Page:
Acting Classes Give Kids Poise, Even If TV Eludes Them

There are two reasons to enroll your child in an acting class: You have visions of him outshining Bill Cosby in a Jello pudding commercial, or you want him to develop poise and self-confidence.

A number of outlets in the San Fernando Valley offer children's performance classes. Some of these are designed to promote fun and personal growth; others prepare children to tackle cold readings for commercials.

"Commercials are a lot 'look,' " says Lynda Goodfriend, director of the Young Actors Workout in North Hollywood. "There are more parts available for blond, blue-eyed, all-American kids, but also more of them trying to get parts." She cautions parents who are "trying to live out their unfulfilled dreams" to be realistic about their child's chance for success. "Shy kids will have a difficult time, even if they've got a great look."

Nonetheless, Goodfriend and other acting teachers encourage parents of shy children to consider acting classes as a way to gain self-confidence.

What follows is a sample of acting and performing classes offered in the Valley.

Enchanted Forrest: Fifteen years ago, the Enchanted Forrest was a popular center for acting classes in the Valley. It reopened this month in Woodland Hills with 60 courses in the creative and visual arts. The complex includes both classrooms and a 99-seat theater, designed with kids' sight lines in mind (a 5-year-old in the last row should be able to see over Magic Johnson in the first row).

"We're here to build self-confidence in kids," says co-owner Jay Samit. "This isn't an 'I'm going to get your kid in commercials' place. They perform on a real stage with a real curtain and they wear real theatrical costumes, not Halloween ones."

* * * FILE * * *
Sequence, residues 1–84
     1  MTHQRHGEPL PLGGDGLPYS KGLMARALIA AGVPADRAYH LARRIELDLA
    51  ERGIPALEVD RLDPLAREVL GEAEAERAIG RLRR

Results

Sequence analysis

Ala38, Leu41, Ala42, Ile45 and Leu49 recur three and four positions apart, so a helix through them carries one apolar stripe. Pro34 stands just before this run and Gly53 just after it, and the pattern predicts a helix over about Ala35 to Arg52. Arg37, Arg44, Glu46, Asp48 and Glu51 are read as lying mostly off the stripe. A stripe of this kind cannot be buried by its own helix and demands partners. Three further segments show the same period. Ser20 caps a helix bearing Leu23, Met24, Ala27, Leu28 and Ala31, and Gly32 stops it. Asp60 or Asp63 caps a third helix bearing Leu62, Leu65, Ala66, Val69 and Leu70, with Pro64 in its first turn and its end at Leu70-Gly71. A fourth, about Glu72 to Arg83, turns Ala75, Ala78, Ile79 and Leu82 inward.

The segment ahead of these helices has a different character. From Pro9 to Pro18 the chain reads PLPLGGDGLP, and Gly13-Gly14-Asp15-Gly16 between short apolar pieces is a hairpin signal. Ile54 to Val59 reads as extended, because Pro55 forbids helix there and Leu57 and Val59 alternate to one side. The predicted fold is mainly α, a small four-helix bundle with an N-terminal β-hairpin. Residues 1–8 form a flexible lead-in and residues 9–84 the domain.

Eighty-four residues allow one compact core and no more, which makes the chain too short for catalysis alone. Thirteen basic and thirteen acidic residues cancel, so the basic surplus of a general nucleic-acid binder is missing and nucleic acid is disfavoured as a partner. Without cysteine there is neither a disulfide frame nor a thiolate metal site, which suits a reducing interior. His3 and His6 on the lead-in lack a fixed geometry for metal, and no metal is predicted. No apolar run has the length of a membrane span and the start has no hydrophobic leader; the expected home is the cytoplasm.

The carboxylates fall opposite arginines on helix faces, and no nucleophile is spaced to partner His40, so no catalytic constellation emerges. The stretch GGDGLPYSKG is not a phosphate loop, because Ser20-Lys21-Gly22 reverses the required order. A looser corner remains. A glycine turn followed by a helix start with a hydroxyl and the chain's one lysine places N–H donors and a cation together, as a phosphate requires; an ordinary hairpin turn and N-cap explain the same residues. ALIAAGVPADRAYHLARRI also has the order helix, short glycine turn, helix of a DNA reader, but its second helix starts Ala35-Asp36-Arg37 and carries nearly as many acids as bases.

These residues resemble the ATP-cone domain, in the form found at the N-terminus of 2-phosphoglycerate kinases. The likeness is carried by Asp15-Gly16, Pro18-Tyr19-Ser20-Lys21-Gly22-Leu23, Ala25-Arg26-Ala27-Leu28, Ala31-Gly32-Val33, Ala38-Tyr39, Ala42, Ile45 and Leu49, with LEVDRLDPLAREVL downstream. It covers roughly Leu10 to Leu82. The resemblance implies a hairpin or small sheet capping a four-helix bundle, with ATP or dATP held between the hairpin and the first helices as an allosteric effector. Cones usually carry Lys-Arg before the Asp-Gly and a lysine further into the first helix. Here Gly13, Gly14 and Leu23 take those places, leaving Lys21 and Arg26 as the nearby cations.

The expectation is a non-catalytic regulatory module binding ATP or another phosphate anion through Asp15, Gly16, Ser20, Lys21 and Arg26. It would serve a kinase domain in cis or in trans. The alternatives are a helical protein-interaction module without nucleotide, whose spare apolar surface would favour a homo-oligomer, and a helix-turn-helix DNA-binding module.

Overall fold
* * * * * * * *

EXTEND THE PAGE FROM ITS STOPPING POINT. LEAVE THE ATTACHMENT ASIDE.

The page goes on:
Classes include creative dramatics, mime, stage combat, musical productions, creative movement and dance, puppeteering, and clowning (taught by a teacher from the Ringling Brothers Clown College who will be spending the winter in Southern California). In the class titled "Making a Rock Video," students will pick a song, perform it, and shoot and edit the video themselves. Classes are in session now (late, pro-rated enrollments are still being accepted) and run 10 weeks. Most classes meet once a week, and fees range from $80 to $200.

The Enchanted Forrest also features a toy store that sells production kits so kids can put on plays at home. The kits contain scripts and props and cost $10 to $30.

(The Enchanted Forrest is at 20929 Ventura Blvd., in Woodland Hills. For more information call 818-716-7202.)

Learning Tree: This school for continuing education is expanding its creative expression program for children, and classes that begin this month run for eight weeks. Most classes have six to eight students (the maximum is 15).

The theater class is for children ages 6 to 13 and starts Thursday, March 17 at 4 p.m. It focuses on self-expression using improvisation and acting techniques. The price is $48.

Aspiring professionals can sign up for the "On Camera Commercial Workshop" in which children, ages 6-13, practice cold readings. The class is designed to prepare the students for auditions and includes videotaped readings. It starts Saturday, Jan. 23, at 10 a.m. and costs $48.

The Stage Performance Workshop, which started Jan. 15 and is open to children ages 6 through 13, is an addition to the curriculum. The class begins Friday, March 18, at 4 p.m. and costs $55.

(The Learning Tree is at 20920 Knapp St., in Chatsworth. For more information call 818-882-5599).

Le Petit Repertory Theater: For the last 19 years, Le Petit has offered a semester-long drama workshop that meets once a week for two hours. Students (ages 4 through 16) learn to perform in original musicals, most of which are based on fairy tales; this semester the class will do "Alice in Wonderland."